Best Types of Real Estate Loans for Investment Properties in 2023
Becoming a real estate investor is a great way to earn passive income and build wealth. However, how you fund your purchase is extremely important, as it affects the size of the investment and the rate of return. In addition, with rising interest rates, it’s essential to research your options and discover the best types of real estate loans for your next investment. Read along as we go over different loan types and how to use them for your investment property.
Contents of This Article:
- What Is an Investment Property Loan?
- Should You Use a Loan for an Investment Property?
- Best Types of Real Estate Loans
- Find a Local Lender to Fund Your Investment
What Is an Investment Property Loan?
An investment property is a home you buy to generate rental income or fix and flip for profit. An investment property loan is essentially just how it sounds–money you borrow to purchase an investment property. However, investment property loans differ from owner-occupied mortgage loans since they carry more risk. As such, loan rates and terms will vary.
While most homebuyers are limited to conventional mortgage loans or similar loan types, real estate investors have more loan options. However, not all loan options are suitable for your investment type. As such, it’s important to research the different types of real estate loans to decide what will give you the best rates and returns.
Whether you’re an investor or Baltimore hard money lender, it’s essential to know different ways to fund real estate. So, before we discuss various loan options and their pros and cons, let’s go over whether or not it’s necessary to take out a loan for an investment property.
Should You Use a Loan for an Investment Property?
Taking out a loan to buy an investment property is necessary for most investors. After all, many investors, especially beginners, don’t have the cash lying around to buy a property outright. So, they must resort to borrowing money from lenders or other investors.
Using the money of others to make income with an investment property is one of the largest benefits of real estate investing. After all, you can temporarily borrow money for the investment and start earning income immediately. Once your loan is paid off, you can reap the benefits of short-term rental income and long-term property appreciation. First, however, finding a loan that fits your investment goals is important. For instance, you’ll need to consider the following:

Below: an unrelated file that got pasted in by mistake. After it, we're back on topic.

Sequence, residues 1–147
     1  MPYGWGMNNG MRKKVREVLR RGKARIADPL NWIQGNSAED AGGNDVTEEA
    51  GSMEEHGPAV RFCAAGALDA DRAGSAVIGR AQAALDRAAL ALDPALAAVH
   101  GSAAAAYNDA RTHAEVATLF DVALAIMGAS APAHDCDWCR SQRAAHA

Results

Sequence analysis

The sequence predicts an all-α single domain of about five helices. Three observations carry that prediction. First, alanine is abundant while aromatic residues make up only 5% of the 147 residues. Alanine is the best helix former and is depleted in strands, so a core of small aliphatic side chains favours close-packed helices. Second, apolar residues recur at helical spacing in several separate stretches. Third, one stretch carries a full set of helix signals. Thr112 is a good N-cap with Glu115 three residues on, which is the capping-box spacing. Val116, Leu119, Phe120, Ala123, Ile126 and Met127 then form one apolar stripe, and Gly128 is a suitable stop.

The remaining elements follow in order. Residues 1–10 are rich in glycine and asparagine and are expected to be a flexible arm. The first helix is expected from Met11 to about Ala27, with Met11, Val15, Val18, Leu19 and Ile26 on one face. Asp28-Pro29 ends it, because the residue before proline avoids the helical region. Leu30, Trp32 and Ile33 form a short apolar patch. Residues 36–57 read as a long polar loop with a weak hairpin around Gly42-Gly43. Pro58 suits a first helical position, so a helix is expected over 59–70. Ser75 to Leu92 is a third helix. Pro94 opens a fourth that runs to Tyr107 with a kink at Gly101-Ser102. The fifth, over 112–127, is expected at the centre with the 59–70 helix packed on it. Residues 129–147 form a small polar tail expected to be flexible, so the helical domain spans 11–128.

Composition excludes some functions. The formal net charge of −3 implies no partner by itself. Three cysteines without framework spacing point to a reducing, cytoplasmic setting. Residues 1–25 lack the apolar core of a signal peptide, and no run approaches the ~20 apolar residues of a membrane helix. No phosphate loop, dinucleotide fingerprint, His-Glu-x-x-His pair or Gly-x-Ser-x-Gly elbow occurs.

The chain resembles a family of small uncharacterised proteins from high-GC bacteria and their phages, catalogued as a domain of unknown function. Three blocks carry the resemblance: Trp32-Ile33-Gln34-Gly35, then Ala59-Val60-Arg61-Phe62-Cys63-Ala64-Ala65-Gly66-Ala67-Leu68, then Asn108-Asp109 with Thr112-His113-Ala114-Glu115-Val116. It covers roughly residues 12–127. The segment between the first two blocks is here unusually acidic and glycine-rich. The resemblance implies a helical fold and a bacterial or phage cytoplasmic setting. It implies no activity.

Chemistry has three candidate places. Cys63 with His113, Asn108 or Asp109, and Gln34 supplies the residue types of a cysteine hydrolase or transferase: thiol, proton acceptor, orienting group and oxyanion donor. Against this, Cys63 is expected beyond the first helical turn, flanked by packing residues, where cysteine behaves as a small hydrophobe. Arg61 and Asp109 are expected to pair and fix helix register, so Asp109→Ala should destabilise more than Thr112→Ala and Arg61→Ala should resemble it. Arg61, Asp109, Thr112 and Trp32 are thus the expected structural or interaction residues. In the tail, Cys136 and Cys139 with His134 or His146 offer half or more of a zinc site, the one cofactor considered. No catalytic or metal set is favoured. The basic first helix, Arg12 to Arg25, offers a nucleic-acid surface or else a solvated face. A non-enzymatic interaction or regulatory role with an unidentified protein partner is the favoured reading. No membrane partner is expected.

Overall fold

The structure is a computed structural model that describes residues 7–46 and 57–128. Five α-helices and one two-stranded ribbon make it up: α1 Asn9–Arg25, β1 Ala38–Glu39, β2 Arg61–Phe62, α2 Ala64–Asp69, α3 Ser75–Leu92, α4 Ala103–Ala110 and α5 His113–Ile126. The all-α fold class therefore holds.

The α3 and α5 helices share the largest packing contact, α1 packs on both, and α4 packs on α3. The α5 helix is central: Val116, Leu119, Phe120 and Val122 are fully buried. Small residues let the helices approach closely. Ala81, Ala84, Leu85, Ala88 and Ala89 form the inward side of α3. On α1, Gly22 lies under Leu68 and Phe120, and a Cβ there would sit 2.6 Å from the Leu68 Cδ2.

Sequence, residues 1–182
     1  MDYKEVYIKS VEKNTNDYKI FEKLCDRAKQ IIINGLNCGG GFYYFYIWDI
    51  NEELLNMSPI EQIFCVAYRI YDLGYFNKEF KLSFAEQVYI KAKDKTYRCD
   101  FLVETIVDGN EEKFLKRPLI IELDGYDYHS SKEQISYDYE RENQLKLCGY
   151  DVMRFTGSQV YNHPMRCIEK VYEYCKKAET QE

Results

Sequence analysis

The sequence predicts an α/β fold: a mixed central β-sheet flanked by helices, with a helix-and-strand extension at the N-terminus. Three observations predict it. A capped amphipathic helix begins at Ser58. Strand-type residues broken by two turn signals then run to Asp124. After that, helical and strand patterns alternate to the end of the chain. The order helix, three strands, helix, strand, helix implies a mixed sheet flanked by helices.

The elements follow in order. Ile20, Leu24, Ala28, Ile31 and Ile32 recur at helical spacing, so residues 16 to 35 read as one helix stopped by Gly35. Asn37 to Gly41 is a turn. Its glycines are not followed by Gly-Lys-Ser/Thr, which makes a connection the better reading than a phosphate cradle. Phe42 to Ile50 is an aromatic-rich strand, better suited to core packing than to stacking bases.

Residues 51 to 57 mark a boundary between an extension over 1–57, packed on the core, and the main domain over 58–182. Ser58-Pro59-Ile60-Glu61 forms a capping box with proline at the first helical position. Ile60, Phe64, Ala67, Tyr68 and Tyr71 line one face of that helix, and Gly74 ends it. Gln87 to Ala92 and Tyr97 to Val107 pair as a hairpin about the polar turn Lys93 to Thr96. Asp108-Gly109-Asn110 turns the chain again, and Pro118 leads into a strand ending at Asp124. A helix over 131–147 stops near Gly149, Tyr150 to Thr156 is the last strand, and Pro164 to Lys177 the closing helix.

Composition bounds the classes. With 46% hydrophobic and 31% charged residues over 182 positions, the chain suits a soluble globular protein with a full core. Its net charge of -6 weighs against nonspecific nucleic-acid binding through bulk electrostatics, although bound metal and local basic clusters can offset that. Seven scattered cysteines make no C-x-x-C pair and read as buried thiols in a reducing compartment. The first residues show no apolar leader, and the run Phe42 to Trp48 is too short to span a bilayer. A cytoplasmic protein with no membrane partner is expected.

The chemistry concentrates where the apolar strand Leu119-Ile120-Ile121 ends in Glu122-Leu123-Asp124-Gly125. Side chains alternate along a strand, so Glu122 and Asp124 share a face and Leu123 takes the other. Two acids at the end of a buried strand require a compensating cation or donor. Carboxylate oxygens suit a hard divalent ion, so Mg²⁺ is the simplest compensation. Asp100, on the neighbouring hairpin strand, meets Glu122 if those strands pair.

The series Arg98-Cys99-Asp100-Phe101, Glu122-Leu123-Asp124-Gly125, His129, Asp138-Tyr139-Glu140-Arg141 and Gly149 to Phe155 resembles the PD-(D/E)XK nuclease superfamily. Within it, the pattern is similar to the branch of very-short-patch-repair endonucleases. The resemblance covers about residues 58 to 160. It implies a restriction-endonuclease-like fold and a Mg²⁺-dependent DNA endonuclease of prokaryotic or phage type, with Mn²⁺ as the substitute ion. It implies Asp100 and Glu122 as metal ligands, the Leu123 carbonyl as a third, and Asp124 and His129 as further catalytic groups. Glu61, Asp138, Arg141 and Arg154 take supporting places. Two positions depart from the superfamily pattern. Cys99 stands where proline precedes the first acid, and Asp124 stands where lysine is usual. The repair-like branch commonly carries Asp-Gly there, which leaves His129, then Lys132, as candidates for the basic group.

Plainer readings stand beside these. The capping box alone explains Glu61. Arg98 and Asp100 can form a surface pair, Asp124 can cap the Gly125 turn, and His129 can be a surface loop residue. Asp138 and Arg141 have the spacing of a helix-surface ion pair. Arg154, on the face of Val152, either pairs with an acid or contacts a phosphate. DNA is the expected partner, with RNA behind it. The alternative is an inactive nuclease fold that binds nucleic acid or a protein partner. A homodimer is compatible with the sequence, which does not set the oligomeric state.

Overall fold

- Loan Type
- Terms and Fees
- Interest Rates
- Structure of the Loan
- The Financing Institution
Ultimately, these factors play a huge role in your rate of return on investment properties. Additionally, the type of loan you use may affect the stability and feasibility of your rental business. After all, you could have the best property on the block, but if you can’t afford to pay the mortgage, you could end up in foreclosure.
Researching loan types and performing a property analysis before borrowing money is an excellent start to earning income with real estate. Here are some of the best types of real estate loans to consider for your investment property.
Best Types of Real Estate Loans
Most people assume that you can only fund real estate with a conventional mortgage loan. While that’s one of the most common options, there are several types of real estate loans to explore. Here are some to consider for your next investment.
- Conventional Mortgage Loan
- Hard Money Loan
- Private Money Loan
- Government Insured Loans
- Home Equity Loan
Conventional Mortage Loan
The main loan type that most investors use is a conventional mortgage loan. Similar to financing a home purchase, conventional investment loans are borrowed from a bank. Depending on the institution, the term, structure, and interest rate can vary.
Conventional bank loans can either be fixed-rate mortgages (FRM) or adjustable-rate mortgages (ARM). Fixed-rate loans have a set interest rate for the entire loan duration, while rates for adjustable-rate mortgages can change depending on the market.
Pros of Conventional Mortgage Loans
- Several different loan terms and structures to choose from
- Funded by trusted and reputable banks
- Longer loan terms with smaller monthly payments
Cons of Conventional Mortgage Loans
- Requires a sizable down payment, generally 20% or more
- Potentially high mortgage rates
- Minimum credit score requirement of 620 or higher
Hard Money Loan